So I have to take a different approach.
So should "Spells" be Powers? Yes. I think that much is clear. Given the point economies of both systems spending a ton of points on individual effect spells will take forever. Of course that is if I am doing something like Charmed. If I stick with something like Supernatural then maybe that is fine.
There needs to be a trait (Edge, Asset, Quality or even Attribute) that grants power to perform magic. Like the Gift or Magic. It is tied to a skill, called Spellcasting or Arcana maybe. The skill then can be how you increase your personal power. Of course the Magic trait can also have levels to represent raw power and even something like Mana/Essence points. Currently neither game offers something exactly like this. But Witch Girls Adventures does.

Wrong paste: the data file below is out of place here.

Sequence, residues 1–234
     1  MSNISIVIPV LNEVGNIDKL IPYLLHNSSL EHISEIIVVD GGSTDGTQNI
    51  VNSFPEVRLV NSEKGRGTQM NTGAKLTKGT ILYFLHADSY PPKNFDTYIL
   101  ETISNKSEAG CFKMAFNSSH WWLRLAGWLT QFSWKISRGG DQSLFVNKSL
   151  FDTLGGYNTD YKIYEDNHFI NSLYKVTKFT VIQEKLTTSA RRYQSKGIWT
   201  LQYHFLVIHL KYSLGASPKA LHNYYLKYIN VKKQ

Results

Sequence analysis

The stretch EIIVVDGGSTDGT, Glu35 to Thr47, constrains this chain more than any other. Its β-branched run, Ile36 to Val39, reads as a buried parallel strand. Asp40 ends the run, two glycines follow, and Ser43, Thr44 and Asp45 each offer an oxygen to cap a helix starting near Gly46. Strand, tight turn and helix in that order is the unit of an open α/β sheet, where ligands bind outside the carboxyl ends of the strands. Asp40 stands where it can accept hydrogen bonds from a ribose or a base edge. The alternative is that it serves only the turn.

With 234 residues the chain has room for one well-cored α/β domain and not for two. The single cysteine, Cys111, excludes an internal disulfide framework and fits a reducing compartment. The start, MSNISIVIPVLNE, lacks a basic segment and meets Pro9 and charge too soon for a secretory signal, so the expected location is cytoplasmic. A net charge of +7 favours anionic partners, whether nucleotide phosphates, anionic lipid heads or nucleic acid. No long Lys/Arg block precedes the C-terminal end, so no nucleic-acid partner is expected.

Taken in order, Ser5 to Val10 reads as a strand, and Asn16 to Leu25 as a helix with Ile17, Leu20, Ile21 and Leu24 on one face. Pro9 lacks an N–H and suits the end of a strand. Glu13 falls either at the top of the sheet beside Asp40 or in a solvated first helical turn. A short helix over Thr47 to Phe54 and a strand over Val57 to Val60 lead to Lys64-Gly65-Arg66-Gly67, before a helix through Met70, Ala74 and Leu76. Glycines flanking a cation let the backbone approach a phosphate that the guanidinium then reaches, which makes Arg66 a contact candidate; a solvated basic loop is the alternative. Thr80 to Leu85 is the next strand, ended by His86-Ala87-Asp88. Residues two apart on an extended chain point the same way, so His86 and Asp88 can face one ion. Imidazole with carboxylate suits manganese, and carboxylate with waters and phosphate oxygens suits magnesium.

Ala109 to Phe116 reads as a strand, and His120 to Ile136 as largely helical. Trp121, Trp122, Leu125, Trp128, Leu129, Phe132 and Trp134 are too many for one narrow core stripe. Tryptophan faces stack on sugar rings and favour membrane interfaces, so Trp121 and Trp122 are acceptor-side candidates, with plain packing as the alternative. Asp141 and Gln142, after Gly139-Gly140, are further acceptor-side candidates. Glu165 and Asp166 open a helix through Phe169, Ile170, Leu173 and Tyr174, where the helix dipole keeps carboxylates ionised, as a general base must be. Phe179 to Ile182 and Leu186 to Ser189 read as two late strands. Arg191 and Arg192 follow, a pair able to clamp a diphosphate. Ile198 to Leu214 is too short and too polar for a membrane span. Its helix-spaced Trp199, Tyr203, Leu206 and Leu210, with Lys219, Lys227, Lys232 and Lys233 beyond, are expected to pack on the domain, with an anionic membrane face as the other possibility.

Witch Girls Adventures is fun game I picked up over the summer and have been having quite a bit of fun with. So before I build a new magic system, let's see how one ported over might work.
WGA has a Magic attribute that typically starts out at d8 for most characters, though some have d10. Remember, this is a magic heavy game. Let's translate that to a Magic Edge/Asset. The first level you can buy is d4 and it can move up. WGA also has the Spellcasting skill. Let's move that over as well.
The basic Cortex formula then is Magic + Spellcasting and compare vs Target number. It's a simple system. WGA also various spells/powers that can be bought or learned. We can also use the basic Zap Point mechanic.